Bass solo: Isaiah 60:2-3
For, behold, darkness shall cover the earth, and gross darkness the people: but the Lord shall arise upon thee, and his glory shall be seen upon thee. And the Gentiles shall come to thy light, and kings to the brightness of thy rising.
Bass solo: Isaiah 9:2
The people that walked in darkness have seen a great light: they that dwell in the land of the shadow of death, upon them hath the light shined.
Chorus: Isaiah 9:6
For unto us a child is born, unto us a son is given: and the government shall be upon his shoulder: and his name shall be called Wonderful, Counselor, the mighty God, the everlasting Father, the Prince of Peace.
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Orchestra: Pastoral Symphony
Soprano solo: Luke 2:8-11, 13
And there were shepherds abiding in the field, keeping watch over their flock by night.
And, lo, the angel of the Lord came upon them, and the glory of the Lord shone round about them: and they were sore afraid. And the angel said unto them, Fear not: for, behold, I bring you good tidings of great joy, which shall be to all people. For unto you is born this day in the city of David a Savior, which is Christ the Lord. And suddenly there was with the angel a multitude of the heavenly host praising God, and saying,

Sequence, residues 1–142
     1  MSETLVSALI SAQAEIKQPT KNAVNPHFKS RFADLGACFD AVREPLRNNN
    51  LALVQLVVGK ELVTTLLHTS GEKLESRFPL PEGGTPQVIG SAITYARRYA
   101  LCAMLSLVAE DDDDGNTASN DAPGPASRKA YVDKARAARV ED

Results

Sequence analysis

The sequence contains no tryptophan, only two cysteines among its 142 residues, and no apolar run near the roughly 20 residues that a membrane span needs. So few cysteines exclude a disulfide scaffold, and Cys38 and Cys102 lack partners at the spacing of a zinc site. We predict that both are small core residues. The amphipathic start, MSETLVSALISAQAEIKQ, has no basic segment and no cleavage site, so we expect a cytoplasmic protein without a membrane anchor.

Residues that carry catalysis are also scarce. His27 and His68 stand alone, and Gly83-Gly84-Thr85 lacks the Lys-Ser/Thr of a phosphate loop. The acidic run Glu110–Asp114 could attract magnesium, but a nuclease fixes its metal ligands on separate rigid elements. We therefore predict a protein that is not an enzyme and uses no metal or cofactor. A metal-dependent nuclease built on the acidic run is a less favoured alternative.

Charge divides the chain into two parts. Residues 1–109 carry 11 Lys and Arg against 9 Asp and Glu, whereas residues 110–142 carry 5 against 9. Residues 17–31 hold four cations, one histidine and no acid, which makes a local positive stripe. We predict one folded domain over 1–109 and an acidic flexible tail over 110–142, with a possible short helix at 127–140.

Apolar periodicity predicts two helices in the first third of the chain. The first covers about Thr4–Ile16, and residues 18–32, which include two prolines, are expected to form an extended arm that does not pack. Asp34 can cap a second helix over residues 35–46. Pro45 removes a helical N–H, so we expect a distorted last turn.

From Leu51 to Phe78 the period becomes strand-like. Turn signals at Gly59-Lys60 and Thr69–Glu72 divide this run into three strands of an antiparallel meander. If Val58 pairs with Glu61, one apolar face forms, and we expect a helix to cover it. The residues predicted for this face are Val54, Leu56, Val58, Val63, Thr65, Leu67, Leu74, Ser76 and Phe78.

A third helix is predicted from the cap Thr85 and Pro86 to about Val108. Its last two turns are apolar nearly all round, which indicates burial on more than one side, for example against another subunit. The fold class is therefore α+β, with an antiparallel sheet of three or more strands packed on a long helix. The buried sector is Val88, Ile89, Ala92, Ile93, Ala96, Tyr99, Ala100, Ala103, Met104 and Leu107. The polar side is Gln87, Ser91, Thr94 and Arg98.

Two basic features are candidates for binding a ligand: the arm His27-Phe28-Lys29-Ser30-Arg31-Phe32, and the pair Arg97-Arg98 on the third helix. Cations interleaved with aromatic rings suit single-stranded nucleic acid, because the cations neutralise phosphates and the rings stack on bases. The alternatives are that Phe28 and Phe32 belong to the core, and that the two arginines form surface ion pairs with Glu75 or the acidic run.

Chorus: Luke 2:14
Glory to God in the highest, and peace on earth, good will toward men.
Soprano solo: Zechariah 9:9-10
Rejoice greatly, O daughter of Zion; shout, O daughter of Jerusalem: behold, thy King cometh unto thee. He is the righteous savior, and shall speak peace unto the heathen.